Rice exits top diplomat post race, paving path for Kerry
US Ambassador to the UN Susan Rice asks Obama to withdraw her name from consideration as the next secretary of state after becoming a lightning rod for the White House’s handling of the raid on the US consulate in Benghazi. AFP photoSusan Rice has asked President Barack Obama not to pick her as his next secretary of state, after becoming a lightning rod for Republicans over a raid on the U.S. consulate in Benghazi, Libya on Sept. 11.
“If nominated, I am now convinced that the confirmation process would be lengthy, disruptive and costly, to you and to our most pressing national and international priorities,” Rice said in a letter to Obama. Rice would have faced strong opposition from Senate Republicans who challenged her much-maligned televised comments about the cause of the deadly raid on the U.S. Consulate in Benghazi, Libya.
Her efforts to satisfy Senators John McCain, Lindsey Graham, Kelly Ayotte and Susan Collins in unusual, private sessions fell short. The Republicans emerged from the meetings still expressing doubts about her qualifications.
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In a Washington Post op-ed Rice defended her controversial statements about the deadly Sept. 11 attack on a U.S. mission in Libya and struck back at Republican lawmakers who had vowed to block her path to becoming the top diplomat.
“As it became clear that my potential nomination would spark an enduring partisan battle, I concluded that it would be wrong to allow this debate to continue distracting from urgent national priorities,” Rice wrote.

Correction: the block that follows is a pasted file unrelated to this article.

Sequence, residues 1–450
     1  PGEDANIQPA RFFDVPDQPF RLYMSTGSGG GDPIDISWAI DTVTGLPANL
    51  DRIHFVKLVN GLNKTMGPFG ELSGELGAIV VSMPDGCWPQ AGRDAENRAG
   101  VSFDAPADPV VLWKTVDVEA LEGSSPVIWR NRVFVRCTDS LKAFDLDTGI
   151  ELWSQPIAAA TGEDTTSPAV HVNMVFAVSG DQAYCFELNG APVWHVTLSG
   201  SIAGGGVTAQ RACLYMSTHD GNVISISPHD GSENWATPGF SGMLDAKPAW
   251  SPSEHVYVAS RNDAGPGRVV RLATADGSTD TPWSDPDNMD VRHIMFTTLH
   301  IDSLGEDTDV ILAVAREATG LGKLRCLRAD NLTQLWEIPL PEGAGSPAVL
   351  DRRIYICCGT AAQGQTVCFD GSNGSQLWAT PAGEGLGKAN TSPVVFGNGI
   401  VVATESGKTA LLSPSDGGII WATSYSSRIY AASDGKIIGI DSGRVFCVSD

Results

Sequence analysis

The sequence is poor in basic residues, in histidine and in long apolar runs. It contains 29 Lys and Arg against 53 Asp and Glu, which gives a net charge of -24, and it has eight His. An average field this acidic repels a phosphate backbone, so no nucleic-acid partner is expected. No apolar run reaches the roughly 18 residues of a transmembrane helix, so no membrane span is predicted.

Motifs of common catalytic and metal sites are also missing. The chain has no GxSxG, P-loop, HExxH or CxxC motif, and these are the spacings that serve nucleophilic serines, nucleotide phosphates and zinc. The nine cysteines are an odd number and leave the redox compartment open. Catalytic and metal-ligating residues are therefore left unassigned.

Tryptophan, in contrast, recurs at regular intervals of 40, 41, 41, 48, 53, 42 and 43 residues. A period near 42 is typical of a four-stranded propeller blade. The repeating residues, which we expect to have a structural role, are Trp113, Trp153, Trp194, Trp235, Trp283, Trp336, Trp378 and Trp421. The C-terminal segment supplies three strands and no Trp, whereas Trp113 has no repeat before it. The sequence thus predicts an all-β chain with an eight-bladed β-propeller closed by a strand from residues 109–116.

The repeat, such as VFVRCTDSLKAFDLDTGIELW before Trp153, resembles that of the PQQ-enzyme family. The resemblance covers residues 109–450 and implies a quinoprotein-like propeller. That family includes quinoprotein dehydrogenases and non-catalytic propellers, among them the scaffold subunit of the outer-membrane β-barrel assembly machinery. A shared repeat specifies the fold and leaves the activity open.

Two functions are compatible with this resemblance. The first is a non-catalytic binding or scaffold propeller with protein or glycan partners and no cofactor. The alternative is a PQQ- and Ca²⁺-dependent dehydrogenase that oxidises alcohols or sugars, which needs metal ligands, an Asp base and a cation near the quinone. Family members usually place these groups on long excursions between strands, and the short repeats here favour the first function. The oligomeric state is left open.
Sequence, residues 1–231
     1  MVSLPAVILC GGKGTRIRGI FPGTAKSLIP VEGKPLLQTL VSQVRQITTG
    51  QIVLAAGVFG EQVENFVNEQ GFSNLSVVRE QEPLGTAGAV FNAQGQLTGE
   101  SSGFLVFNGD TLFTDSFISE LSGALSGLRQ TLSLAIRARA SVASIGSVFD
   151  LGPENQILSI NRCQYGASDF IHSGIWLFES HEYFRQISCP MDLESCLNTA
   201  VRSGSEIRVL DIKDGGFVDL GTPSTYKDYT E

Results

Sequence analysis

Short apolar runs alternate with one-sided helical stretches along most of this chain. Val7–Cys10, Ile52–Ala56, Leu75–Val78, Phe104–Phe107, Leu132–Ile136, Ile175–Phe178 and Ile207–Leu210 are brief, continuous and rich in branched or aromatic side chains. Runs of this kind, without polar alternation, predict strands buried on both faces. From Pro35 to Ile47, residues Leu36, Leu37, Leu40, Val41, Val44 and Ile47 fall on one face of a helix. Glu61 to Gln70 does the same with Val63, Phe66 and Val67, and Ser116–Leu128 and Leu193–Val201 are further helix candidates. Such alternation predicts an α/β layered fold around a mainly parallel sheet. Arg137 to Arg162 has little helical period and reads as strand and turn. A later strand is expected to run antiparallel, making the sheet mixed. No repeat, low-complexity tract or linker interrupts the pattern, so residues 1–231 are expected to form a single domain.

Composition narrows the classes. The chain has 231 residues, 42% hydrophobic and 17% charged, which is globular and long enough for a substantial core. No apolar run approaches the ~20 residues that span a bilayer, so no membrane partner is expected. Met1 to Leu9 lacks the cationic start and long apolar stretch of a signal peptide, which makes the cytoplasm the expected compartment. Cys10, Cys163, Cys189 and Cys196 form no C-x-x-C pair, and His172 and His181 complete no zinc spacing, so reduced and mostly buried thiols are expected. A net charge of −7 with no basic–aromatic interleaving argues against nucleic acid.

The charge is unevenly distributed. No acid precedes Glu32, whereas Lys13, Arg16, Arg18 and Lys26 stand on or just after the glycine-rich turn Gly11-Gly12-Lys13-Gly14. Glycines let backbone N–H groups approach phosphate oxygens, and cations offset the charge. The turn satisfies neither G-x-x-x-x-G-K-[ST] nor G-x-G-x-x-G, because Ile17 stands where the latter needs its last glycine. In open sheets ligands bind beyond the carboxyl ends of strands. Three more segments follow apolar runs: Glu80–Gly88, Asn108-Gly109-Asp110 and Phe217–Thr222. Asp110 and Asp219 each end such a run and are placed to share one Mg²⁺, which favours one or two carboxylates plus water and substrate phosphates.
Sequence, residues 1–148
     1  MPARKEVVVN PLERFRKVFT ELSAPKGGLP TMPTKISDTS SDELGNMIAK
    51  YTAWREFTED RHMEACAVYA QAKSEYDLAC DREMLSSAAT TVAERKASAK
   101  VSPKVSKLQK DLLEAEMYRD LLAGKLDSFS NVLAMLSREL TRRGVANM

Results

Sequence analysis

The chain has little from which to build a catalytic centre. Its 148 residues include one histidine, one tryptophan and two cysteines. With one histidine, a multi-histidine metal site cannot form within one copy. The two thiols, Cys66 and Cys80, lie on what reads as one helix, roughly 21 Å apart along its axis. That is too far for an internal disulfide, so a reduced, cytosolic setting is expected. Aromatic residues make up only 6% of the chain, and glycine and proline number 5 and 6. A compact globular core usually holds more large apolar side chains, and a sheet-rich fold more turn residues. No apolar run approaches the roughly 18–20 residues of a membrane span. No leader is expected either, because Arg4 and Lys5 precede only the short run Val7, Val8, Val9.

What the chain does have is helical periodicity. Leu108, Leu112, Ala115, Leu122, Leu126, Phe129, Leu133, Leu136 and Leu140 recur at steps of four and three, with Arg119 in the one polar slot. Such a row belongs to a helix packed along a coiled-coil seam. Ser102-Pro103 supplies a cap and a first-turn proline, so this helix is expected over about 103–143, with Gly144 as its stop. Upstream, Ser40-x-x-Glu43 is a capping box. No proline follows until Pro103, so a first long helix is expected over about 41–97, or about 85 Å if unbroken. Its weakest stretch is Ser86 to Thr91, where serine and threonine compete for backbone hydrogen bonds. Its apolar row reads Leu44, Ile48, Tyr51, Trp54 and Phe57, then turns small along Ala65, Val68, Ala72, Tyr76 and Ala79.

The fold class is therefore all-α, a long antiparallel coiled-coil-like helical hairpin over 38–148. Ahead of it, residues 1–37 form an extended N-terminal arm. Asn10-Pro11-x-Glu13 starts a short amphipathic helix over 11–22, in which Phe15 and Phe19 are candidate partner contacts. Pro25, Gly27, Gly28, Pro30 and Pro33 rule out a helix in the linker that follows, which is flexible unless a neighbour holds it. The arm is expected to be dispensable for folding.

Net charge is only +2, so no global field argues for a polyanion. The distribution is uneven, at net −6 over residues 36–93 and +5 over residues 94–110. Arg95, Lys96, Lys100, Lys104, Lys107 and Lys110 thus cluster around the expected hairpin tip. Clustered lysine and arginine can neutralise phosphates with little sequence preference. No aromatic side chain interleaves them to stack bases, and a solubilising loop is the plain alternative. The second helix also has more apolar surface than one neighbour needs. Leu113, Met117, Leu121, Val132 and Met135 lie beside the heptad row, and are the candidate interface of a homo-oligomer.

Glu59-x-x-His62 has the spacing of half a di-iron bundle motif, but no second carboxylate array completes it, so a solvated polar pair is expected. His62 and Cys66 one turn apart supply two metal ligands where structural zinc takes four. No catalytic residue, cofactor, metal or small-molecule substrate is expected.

“As someone who grew up in an era of comparative bipartisanship and as a sitting U.S. national security official who has served in two U.S. administrations, I am saddened that we have reached this point.”
Her announcement makes Massachusetts Senator John Kerry the likely choice to be the nation’s next top diplomat.
Lawmakers on both sides of the political divide agreed that her departure opened the door for Kerry, the current chairman of the Senate Foreign Relations Committee.
Kerry, the defeated 2004 Democratic presidential candidate, did not comment on his chances, but issued a warm statement empathizing with Rice. “As someone who has weathered my share of political attacks and understands on a personal level just how difficult politics can be, I’ve felt for her throughout these last difficult weeks,” Kerry said.
Rice, currently U.S. envoy to the United Nations, is a longtime member of Obama’s inner circle and had been a favorite to succeed Hillary Clinton as the top U.S. diplomat. Obama issued a statement condemning the “unfair and misleading attacks” on her and said she would stay on as U.N. ambassador with a spot on his Cabinet. Rice, too, said in her letter that she would be staying.
The president and his U.N. envoy were set to meet on Dec. 14 at the White House. “While I deeply regret the unfair and misleading attacks on Susan Rice in recent weeks, her decision demonstrates the strength of her character,” Obama said.
Clinton, in a brief statement, said Rice had “been an indispensable partner over the past four years” and that she was confident “that she will continue to represent the United States with strength and skill.”
Compiled from AFP and AP stories by the Daily News staff.